Identification of extracellular miRNAs as biomarkers of liver fibrosis in a human 3D-culture system

Messner, Catherine . Identification of extracellular miRNAs as biomarkers of liver fibrosis in a human 3D-culture system. 2021, Doctoral Thesis, University of Basel, Faculty of Science.


Official URL: https://edoc.unibas.ch/83217/

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Liver fibrosis is a common consequence of chronic liver injury caused by chemicals, dis-eases or diet. Currently, effective methods for early diagnosis and therapy are lacking. En-hancing our understanding of liver fibrosis mechanisms and identification of early non-invasive biomarkers is crucial to combat the clinical burden the disease causes. Using human 3D cell models, we aimed to investigate fibrosis and identify extracellular miRNAs as poten-tial translational biomarkers of fibrosis.
This thesis is divided into three projects, which assess miRNAs as biomarkers using 3D human liver microtissues (MT) (1), the MT response to several compounds i.e. bile salts and environmental pollutants (2) and increasing MT complexity through the addition of a fourth cell type i.e. endothelial cells (3). The research goal of project 1 focussed on assessing the suitability of miRNAs as biomarkers of liver toxicity in vitro, with a specific focus on early detection of hepatic fibrosis and potential extracellular miRNAs specific to fibrosis. Moreover, the functional involvement of selected miRNAs in the HSC activation was also investigated. Project 2 assessed the effects of several compounds, including bile salts and environmental toxins (dioxin and dioxin-like compounds, on the 3D human liver MTs to investigate the po-tential adverse outcomes they may cause. Finally, project 3 aimed to increase the complexity of the multicellular MTs through the addition of an endothelial cell type to further improve the models physiological relevance.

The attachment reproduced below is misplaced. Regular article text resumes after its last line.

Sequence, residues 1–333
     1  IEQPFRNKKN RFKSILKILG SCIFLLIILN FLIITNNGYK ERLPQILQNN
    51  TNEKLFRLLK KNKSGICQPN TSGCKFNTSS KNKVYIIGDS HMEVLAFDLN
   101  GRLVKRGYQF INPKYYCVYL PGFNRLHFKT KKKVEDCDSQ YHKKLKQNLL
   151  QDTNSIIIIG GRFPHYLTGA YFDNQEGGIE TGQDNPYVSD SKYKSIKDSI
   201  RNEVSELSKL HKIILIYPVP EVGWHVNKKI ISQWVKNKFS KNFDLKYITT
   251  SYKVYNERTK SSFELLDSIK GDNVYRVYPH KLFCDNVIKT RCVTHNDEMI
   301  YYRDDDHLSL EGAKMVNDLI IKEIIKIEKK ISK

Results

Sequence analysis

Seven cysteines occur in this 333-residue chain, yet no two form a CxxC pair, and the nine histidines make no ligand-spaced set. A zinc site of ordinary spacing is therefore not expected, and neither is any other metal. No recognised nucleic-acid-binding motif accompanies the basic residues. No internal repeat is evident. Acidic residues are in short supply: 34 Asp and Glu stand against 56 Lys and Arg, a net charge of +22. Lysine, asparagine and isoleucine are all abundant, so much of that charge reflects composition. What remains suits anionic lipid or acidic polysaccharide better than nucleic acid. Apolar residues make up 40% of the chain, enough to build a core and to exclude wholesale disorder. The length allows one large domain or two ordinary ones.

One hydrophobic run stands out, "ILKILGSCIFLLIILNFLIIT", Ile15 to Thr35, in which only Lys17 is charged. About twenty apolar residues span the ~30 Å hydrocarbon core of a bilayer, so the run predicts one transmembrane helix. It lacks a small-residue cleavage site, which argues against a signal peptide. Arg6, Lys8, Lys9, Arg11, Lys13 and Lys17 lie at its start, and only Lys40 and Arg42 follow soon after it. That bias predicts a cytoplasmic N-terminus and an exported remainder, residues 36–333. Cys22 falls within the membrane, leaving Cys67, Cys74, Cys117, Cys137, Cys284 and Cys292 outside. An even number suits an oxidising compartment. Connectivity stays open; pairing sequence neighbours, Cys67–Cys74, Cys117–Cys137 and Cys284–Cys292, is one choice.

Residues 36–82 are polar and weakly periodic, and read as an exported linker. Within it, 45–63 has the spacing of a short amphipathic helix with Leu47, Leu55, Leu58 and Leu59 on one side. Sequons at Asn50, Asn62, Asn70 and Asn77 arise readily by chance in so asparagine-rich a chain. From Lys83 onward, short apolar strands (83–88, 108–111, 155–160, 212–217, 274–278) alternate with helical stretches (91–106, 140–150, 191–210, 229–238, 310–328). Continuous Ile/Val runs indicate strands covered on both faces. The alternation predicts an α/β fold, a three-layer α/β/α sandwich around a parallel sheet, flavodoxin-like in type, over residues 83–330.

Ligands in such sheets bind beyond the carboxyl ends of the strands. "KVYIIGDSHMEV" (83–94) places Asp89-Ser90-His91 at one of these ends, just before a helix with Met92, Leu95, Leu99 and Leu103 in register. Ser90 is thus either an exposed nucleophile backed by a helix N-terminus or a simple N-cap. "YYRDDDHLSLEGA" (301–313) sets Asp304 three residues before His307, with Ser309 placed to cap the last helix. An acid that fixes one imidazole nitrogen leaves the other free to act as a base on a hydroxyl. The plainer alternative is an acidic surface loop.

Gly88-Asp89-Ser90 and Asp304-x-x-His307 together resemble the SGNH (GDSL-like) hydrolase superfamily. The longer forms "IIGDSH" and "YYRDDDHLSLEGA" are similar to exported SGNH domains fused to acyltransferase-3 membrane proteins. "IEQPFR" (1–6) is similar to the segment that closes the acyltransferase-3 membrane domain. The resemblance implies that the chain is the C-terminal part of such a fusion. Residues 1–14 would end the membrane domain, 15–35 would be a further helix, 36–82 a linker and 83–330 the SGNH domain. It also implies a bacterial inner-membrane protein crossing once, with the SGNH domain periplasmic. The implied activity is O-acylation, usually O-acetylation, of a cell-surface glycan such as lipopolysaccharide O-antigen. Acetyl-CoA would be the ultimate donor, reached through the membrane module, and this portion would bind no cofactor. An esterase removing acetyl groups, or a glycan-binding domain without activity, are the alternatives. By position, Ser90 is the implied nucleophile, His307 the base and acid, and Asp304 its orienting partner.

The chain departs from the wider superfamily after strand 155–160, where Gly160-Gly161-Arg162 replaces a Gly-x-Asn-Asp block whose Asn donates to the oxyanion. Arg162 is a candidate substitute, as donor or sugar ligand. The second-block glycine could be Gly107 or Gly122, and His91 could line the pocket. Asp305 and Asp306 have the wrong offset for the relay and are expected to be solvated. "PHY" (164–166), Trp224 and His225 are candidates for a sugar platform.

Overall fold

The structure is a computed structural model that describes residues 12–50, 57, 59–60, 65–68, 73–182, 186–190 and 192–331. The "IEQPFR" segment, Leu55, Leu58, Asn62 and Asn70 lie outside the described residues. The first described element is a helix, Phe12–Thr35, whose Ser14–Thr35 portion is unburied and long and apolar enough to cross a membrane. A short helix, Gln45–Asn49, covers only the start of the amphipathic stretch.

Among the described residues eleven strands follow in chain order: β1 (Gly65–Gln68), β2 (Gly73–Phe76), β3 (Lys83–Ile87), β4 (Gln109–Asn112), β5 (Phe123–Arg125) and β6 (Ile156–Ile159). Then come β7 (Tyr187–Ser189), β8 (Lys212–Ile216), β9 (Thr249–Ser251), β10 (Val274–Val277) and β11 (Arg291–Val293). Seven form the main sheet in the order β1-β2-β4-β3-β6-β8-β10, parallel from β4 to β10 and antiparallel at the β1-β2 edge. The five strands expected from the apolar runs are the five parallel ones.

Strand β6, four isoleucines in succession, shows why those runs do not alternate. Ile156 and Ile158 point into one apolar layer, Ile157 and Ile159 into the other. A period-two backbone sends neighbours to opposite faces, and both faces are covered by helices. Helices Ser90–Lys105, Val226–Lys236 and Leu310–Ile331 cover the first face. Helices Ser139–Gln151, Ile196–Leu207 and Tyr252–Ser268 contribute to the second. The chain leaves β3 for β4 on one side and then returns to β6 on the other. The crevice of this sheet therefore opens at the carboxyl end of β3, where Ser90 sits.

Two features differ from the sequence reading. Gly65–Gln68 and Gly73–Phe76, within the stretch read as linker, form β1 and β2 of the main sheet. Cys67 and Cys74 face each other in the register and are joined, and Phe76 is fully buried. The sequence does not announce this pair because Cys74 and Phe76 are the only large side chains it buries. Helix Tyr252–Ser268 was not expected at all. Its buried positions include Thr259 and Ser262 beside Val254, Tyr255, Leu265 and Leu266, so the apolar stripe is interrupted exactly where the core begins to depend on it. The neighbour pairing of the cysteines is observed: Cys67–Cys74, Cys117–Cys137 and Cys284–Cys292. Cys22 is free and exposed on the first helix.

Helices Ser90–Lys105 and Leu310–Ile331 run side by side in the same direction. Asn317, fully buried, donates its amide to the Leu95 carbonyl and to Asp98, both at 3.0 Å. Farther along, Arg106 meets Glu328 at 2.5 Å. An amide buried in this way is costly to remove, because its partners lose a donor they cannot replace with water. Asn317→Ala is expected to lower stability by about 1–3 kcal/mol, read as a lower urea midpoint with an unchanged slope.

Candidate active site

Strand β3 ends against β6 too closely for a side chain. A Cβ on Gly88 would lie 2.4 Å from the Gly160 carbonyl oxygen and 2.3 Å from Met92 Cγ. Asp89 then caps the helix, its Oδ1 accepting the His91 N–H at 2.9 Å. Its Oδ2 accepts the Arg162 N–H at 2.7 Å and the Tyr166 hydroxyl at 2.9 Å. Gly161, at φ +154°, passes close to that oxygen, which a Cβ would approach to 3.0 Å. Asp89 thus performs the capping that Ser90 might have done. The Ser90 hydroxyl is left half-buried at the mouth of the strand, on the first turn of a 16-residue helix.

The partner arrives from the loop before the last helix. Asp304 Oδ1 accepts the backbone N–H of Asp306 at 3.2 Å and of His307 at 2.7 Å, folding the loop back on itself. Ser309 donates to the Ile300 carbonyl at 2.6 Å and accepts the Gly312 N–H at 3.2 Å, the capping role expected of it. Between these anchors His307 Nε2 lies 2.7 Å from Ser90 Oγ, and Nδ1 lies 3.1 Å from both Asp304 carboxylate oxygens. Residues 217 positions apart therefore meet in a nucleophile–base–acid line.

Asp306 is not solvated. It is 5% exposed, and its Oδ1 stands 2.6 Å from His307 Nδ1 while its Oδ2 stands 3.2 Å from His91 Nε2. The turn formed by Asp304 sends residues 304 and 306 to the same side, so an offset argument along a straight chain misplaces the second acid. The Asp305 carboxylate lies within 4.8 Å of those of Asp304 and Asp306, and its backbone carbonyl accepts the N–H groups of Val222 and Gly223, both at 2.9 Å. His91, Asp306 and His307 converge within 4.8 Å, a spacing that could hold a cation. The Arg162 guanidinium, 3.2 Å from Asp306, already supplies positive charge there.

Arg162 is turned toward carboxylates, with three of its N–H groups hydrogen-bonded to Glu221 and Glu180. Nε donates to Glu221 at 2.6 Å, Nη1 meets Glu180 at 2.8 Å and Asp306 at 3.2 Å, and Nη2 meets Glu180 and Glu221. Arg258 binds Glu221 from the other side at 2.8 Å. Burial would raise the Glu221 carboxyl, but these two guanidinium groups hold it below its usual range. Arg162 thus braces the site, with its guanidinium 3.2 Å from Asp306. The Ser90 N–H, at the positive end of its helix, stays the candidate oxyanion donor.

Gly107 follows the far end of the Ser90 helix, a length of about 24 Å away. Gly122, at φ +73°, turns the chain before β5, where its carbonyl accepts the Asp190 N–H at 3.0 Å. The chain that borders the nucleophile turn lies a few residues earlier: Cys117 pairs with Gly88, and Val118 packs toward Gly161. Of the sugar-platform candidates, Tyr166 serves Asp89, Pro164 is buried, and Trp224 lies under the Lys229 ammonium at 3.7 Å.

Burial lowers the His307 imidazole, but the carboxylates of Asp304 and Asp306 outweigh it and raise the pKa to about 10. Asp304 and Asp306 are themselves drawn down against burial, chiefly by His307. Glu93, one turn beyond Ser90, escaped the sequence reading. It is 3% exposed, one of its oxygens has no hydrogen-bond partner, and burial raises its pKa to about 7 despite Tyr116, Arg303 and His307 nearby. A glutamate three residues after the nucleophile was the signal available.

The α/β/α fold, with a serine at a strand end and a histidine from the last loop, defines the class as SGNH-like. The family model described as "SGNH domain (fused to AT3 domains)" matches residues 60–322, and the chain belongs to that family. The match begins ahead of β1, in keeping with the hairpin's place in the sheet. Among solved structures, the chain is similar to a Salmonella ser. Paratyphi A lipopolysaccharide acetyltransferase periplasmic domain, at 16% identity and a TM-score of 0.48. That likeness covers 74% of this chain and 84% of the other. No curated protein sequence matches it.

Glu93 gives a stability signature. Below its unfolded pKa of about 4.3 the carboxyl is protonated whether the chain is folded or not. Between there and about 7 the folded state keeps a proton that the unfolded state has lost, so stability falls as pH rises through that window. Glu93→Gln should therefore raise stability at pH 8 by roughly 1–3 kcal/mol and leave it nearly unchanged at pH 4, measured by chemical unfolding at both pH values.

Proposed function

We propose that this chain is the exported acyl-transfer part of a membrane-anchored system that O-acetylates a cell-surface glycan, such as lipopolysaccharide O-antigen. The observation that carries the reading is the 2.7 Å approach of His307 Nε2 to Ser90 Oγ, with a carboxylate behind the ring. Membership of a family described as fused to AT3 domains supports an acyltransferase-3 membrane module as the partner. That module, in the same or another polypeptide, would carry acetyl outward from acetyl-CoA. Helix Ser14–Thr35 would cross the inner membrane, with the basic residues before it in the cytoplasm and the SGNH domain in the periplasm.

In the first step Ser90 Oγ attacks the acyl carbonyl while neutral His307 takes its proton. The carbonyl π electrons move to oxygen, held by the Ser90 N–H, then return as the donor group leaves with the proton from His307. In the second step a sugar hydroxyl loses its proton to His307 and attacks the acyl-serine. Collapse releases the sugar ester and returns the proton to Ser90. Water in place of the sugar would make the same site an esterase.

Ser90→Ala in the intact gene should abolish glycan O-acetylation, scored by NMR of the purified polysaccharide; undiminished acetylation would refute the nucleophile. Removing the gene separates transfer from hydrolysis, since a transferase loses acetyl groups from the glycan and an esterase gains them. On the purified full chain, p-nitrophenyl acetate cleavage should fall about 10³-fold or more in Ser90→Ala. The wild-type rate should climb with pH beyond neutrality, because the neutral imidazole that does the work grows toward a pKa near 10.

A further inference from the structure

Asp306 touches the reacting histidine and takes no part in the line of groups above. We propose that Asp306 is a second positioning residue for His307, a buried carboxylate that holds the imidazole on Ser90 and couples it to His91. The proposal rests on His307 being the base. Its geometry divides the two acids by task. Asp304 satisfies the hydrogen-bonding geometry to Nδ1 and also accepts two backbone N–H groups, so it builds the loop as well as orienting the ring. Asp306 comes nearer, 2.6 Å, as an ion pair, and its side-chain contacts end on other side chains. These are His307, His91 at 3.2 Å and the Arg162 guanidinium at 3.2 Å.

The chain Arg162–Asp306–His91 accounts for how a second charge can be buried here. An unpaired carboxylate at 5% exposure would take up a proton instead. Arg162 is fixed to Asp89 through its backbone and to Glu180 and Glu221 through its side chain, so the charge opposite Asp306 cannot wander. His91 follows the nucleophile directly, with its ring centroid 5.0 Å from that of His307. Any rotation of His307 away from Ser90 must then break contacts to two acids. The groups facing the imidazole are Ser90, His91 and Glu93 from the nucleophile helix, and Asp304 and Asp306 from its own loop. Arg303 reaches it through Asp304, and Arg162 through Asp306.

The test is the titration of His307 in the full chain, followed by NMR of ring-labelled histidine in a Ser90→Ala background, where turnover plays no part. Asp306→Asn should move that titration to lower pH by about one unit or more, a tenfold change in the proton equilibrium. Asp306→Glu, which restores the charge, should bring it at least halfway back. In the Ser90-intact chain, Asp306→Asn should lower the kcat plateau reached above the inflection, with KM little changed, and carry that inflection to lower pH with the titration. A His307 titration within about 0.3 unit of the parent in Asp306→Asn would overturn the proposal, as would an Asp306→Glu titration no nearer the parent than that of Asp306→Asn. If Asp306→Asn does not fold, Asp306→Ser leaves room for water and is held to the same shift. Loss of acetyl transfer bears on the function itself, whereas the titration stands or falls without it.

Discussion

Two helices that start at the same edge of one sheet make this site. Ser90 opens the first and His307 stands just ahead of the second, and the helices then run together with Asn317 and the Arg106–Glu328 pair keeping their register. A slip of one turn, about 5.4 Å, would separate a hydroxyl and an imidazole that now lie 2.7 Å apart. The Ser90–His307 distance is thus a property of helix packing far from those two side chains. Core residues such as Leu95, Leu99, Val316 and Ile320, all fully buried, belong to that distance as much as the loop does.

We demonstrated that 3D-HepaRG and 3D multicellular MTs are useful tools for investi-gating miRNA markers of hepatotoxicity and fibrosis, respectively. We show that methotrex-ate (MTX, pro-fibrotic) and acetaminophen (APAP, acute injury) elicited compound-specific responses in the MTs. Furthermore, were able to identify four extracellular miRNAs (miR-199a-5p, miR-214-3p, miR-99b-5p and miR-125a-5p) that could contribute towards a non-invasive method to detect liver fibrosis. Three of the miRNAs show direct links to HSC acti-vation. We also identified that the MTs are able to display the expected phenotypic response through exposure to several compounds. Taken together, these results highlight the versatility of the MTs as an in vitro tool for understanding the biological response to different com-pounds. Finally, the incorporation of HUVECs into the MTs was successful and did not affect their ability to recapitulate the final sequence of events leading to fibrosis upon exposure to TGF-β1, MTX and thioacetamide: HSC activation and increased collagen expression. This suggests that the cell-line based model is a suitable and cost-effective alternative for investi-gating liver fibrosis in vitro.
In conclusion, the compound-specific responses of the MTs to a range of compounds demonstrates the suitability and versatility of this in vitro model as a tool to assessing biologi-cal and toxicological responses. We were able to identify released miRNAs and determine their phenotypic relevance to liver fibrosis. These miRNAs could contribute towards a panel of potentially translational biomarkers of liver fibrosis. We also enhanced the MTs complexity through the addition of a fourth cell type (endothelial cells) to improve the physiological rele-vance of the in vitro model.
Advisors:Suter-Dick, Laura and Krähenbühl, Stephan and Goldring, Christopher
Faculties and Departments:05 Faculty of Science
UniBasel Contributors:Krähenbühl, Stephan
Item Type:Thesis
Thesis Subtype:Doctoral Thesis
Thesis no:14126
Thesis status:Complete
Number of Pages:181
Identification Number:
  • urn: urn:nbn:ch:bel-bau-diss141263
edoc DOI:
Last Modified:09 Jul 2021 04:30
Deposited On:08 Jul 2021 13:58

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